This day in history: September 30, 2009 – Integral begins to offer brokers direct access to interbank FX market
We take a look back at “This day in history” within the world of FX taking a journey through annuls of time to look at the various groundbreaking developments that continue to take place in our fascinating.
Six years ago today, the world’s retail FX brokerages were beginning to set their sights on emulating the institutional and proprietary trading floors of the world’s major financial centers by shifting from a closed system in which all orders were executed via an internal desk, the modus operandi for which the MetatTrader 4 platform was originally designed, to a direct market access model, which was facilitated by a series of specialist software developers that were established around that time in order to provide liquidity bridges and price feeds to retail firms via the very same MetaTrader 4 platform that had gained ubiquity by the end of the last decade.
Thus, on September 30, 2009, Integral Development Corporation began to provide direct market access to the interbank FX market by offering retail brokers dealable liquiity and free market data on a historical and real time basis via its TrueFX service.
The Californian company noted at the time thata dramatic shift in how FX market participants gain visibility into interbank FX rates and obtain market data, stating that by increasing transparency and auditability for everyone, Integral Development Corporation predicted the emergence of a safer and more predictable market which would open up opportunities for greater market participation globally.
The company built this new solution based on its FX Grid product, Integral’s global inter-institutional connectivity and trading network, linking market making banks to FX market participants, TrueFX is live and in production today. On the portal site TrueFX.com, Integral had began to publish tick-by-tick historical and real-time market data free of charge to all market participants.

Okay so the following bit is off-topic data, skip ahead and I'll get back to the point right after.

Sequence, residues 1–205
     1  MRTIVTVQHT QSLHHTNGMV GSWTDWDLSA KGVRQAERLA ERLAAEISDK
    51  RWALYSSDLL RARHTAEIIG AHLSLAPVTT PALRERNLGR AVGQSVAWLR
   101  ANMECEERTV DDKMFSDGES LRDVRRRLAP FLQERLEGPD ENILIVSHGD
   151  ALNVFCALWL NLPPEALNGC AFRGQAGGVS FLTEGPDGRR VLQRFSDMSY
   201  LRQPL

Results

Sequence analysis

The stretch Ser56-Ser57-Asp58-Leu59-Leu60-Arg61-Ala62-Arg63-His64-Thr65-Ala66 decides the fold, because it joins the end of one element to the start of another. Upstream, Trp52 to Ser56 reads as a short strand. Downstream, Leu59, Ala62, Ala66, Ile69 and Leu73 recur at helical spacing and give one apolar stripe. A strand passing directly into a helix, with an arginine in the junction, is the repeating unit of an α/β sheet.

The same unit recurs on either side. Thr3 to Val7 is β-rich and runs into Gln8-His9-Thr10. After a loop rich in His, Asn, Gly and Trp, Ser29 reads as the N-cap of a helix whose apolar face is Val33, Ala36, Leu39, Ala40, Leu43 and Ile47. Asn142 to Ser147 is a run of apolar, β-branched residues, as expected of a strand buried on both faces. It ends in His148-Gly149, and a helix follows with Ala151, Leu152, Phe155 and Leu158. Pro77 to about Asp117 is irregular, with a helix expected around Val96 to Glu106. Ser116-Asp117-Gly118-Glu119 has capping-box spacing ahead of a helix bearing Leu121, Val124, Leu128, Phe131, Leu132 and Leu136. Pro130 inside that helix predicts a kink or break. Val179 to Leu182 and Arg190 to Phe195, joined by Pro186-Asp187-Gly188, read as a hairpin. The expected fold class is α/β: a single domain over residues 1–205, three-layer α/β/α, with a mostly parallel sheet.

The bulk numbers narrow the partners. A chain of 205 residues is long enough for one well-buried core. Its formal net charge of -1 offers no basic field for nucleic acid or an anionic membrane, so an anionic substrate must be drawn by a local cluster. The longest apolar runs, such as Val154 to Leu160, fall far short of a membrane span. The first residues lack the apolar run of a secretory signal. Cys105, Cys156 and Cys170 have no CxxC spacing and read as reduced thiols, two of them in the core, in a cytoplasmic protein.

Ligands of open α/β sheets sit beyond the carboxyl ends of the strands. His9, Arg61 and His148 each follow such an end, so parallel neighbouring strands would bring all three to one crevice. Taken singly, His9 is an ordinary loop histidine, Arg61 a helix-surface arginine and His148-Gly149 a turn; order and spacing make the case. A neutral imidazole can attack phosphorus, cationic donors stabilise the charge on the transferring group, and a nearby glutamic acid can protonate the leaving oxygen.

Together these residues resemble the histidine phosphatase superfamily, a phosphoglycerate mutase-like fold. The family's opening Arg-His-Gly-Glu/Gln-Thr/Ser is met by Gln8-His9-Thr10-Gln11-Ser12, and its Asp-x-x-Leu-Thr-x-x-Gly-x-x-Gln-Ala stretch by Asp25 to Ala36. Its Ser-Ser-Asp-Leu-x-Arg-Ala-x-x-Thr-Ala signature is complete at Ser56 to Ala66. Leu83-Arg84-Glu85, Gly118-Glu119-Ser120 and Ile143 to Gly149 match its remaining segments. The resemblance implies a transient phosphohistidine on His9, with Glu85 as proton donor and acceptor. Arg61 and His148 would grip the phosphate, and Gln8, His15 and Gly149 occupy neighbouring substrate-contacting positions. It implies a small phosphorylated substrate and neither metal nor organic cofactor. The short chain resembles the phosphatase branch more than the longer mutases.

As a result, users of the service began to receive access to clean, aggregated, dealable bid and offer prices direct from leading market makers.
Making a statement on this dynamic back in 2009, Integral Development Corporation’s CEO Harpal Sandhu, who remains CEO to this day, stated “Once the query-based search is implemented, anyone will be able to spot check individual trades they executed, and compare the rate they got from their institution to that of the multi-source liquidity feed.”
“TrueFX is a paradigm shifting event that will change the way foreign exchange markets are organized. By providing clean, dealable prices supported by free real time and historical tick-by-tick data, we believe the overall confidence in the market will increase, which in turn will lead to much greater market participation” he concluded.
“The FX market has developed into a loosely integrated set of decentralized markets,” said Larry Tabb, Founder and CEO, Tabb Group at the time “For the FX market to reach its true potential, we will need to lower entry barriers, reduce cost, eliminate friction, increase transparency, and most importantly increase the safety for retail traders. This will open the FX market to a wider array of participants and expand the market dramatically” he enthused.
Launched six years ago, features of TrueFX included facilitating a “No Dealing Desk” operation, back-to-back cover trading, integration with prime brokers, a netting facility for high-volume small-size tickets, and customer account segregation capabilities.
Names which have now long since been consigned to the history books were original supporters of the TrueFX initiative, including ODL Securities, a British spread betting company that was purchased by FXCM shortly afterwards, and PFGBest, which went to the wall at the beginning of this decade, during the period at which the United States authorities began an overhaul of how firms in its region operate with specific attention to their capital bases.
At the time of launch in 2009, Integral Development Corporation explained that it had been working on making historic tick-by-tick bid-offer data available, eventually going back to early 2008.
While data was initially presented for download only, the system subsequently began to allow for specific queries. “Access to clean historical data is especially appealing to algorithmic trading venues as they are looking for ways to test and refine their trading strategies,” added Mr. Sandhu. “Once the query-based search is implemented, anyone will be able to spot check individual trades they executed, and compare the rate they got from their institution to that of the multi-source liquidity feed.”